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Highlights of the March Issue of the Journal of Pain and Symptom Management

Special Series on Measuring What Matters

Adherence to Measuring What Matters Measures Using Point-of-Care Data Collection Across Diverse Clinical Settings
Arif H. Kamal, Janet Bull, Christine S. Ritchie, Jean S. Kutner, Laura C. Hanson, Fred Friedman, Donald H. Taylor, Jr., and the AAHPM Research Committee Writing Group

Original Articles

Tai Chi Exercise for Cancer-Related Fatigue in Patients with Lung Cancer Undergoing Chemotherapy: A Randomized Controlled Trial
Li-Li Zhang, Su-Zhen Wang, Hong-Lin Chen, MD, and A-Zhen Yuan

Advance Care Discussions: Pediatric Clinician Preparedness and Practices
Amy Sanderson, Amber M. Hall, and Joanne Wolfe

Brief Report

Characterizing the Hospice and Palliative Care Workforce in the U.S.: Clinician Demographics and Professional Responsibilities
Arif H. Kamal, Janet Bull, Steven Wolf, Greg Samsa, Keith Swetz, Evan Myers, Tait Shanafelt, and Amy P. Abernethy

Highlights of the February Issue of the Journal of Pain and Symptom Management

Listed below are a few articles from the most recent issue of the journal:

Special Series on Measuring What Matters

Feeling Heard and Understood: A Patient-Reported Quality Measure for the Inpatient Palliative Care Setting
Robert Gramling, Susan Stanek, Susan Ladwig, Elizabeth Gajary-Coots, Jenica Cimino, Wendy Anderson, Sally A. Norton, and the AAHPM Research Committee Writing Group

Special Article

Methodological Research Priorities in Palliative Care and Hospice Quality Measurement
Sydney Morss Dy, Keela Herr, Rachelle E. Bernacki, Arif H. Kamal, Anne M. Walling, Mary Ersek, and Sally A. Norton

Review Article

Sickle Cell Disease: A Review of Non-Pharmacological Approaches for Pain
Hants Williams and Paula Tanabe

Original Articles

The Burden of Polypharmacy in Patients Near the End of Life
Michael J. McNeil, Arif H. Kamal, Jean S. Kutner, Christine S. Ritchie, and Amy P. Abernethy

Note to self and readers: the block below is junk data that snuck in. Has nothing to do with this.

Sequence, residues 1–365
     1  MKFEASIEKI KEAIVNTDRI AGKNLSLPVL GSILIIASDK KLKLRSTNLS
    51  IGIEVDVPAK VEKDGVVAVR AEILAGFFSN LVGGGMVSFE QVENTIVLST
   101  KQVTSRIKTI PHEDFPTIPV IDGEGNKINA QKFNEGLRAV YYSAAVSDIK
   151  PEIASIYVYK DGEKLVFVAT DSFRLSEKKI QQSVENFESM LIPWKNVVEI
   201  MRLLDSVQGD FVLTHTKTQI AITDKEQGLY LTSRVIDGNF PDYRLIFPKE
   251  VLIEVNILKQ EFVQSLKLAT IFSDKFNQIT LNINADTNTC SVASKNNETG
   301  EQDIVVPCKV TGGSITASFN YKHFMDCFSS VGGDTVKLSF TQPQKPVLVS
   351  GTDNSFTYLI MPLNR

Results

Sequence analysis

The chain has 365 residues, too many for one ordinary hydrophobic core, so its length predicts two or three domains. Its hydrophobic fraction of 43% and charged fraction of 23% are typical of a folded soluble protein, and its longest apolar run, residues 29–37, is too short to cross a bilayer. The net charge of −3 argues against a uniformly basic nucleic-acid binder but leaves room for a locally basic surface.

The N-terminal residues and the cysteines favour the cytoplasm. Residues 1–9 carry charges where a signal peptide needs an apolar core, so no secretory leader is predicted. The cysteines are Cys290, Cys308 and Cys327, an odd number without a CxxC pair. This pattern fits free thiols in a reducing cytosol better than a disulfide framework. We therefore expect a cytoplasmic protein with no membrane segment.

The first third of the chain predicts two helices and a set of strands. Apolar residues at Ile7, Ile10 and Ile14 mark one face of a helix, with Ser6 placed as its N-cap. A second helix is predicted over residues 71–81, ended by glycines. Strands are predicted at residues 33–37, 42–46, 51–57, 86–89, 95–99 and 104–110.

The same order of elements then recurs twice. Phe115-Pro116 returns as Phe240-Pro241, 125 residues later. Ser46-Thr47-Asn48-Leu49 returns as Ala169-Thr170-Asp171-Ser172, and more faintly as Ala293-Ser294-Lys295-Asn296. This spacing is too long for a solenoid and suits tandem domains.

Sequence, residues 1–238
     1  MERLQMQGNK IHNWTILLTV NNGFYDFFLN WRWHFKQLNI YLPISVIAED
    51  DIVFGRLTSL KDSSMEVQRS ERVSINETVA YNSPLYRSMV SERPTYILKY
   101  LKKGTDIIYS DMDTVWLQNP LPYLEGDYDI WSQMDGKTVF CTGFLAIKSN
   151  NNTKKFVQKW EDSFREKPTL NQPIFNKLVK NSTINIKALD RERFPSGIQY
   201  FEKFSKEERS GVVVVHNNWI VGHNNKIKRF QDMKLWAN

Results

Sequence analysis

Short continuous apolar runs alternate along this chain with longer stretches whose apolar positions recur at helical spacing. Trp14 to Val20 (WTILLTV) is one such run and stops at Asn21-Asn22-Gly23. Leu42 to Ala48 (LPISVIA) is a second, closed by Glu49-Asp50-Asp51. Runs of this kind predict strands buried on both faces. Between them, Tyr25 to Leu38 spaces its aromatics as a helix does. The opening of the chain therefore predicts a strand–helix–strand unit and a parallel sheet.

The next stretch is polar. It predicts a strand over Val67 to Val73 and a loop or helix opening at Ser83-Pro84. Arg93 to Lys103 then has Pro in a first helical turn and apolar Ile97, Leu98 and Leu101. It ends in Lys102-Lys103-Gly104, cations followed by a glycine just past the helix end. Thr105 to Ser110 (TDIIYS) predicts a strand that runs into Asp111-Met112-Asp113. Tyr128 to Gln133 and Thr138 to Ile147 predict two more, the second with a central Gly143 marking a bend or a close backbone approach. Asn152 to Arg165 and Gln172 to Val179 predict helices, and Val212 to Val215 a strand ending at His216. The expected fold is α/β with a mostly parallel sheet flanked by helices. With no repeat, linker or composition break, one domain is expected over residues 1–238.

Does Increasing Homecare Nursing Reduce Emergency Department Visits at the End of Life? A Population-Based Cohort Study of Cancer Decedents
Hsien Seow, Lisa Barbera, Reka Pataky, Beverley Lawson, Erin O’Leary, Konrad Fassbender, Kim McGrail, Fred Burge, Melissa Brouwers, and Rinku Sutradhar

To access the articles, you must subscribe to JPSM or be a member of the American Academy of Hospice and Palliative Medicine (AAHPM). For further information on the Academy, call 847.375.4712 or visit aahpm.org.

Submitted by: David J. Casarett, MD, MA, Senior Associate Editor, JPSM

Highlights of the January Issue of the Journal of Pain and Symptom Management

Listed below are a few articles from the most recent issue of the journal:

Original Articles

Differences in Physicians’ Verbal and Nonverbal Communication with Black and White Patients at the End of Life
Andrea M. Elliott, Stewart C. Alexander, Craig A. Mescher, Deepika Mohan, and Amber E. Barnato

The Influence of Race/Ethnicity and Education on Family Ratings of the Quality of Dying in the ICU
Janet J. Lee, Ann C. Long, J. Randall Curtis, and Ruth A. Engelberg

“Doctor, Make My Decisions”: Decision Control Preferences, Advance Care Planning, and Satisfaction with Communication Among Diverse Older Adults
Catherine Chiu, Mariko A. Feuz, Ryan D. McMahan, Yinghui Miao, and Rebecca L. Sudore

To access the articles, you must subscribe to JPSM or be a member of the American Academy of Hospice and Palliative Medicine (AAHPM). For further information on the Academy, call 847.375.4712 or visit aahpm.org.

Submitted by: David J. Casarett, MD, MA, Senior Associate Editor, JPSM

New FAAHPM – Kimberly A. Bower, MD HMDC FAAHPM

Congratulations to Dr. Kimberly Bower who recently earned the designation Fellow of the American Academy of Hospice and Palliative Medicine. This new Fellow of the Academy was asked – Who would you consider your primary mentor and what have you learned from him/her? We are sharing her answer in this post.

It is only through the gifts of multiple mentors that I have developed in my skills as a palliative medicine physician. Each pearl of wisdom that I have gained from my teachers has led to the fundamental lesson that it is important to see beyond the patient who you are treating to the person for whom you are caring. Though each mentor has taught me so much, here are the pearls from my wise teachers that standout.
Dr. Laurel Herbst: The goal is to help people find meaning and value in their lives, but first you have to make them feel comfortable and safe.
Dr. Julie Prazich: Always take the time to learn and use your patient’s name.
Dr. Frank Ferris: Don’t be dissuaded by your patient’s negative emotions. Show up every day and be present.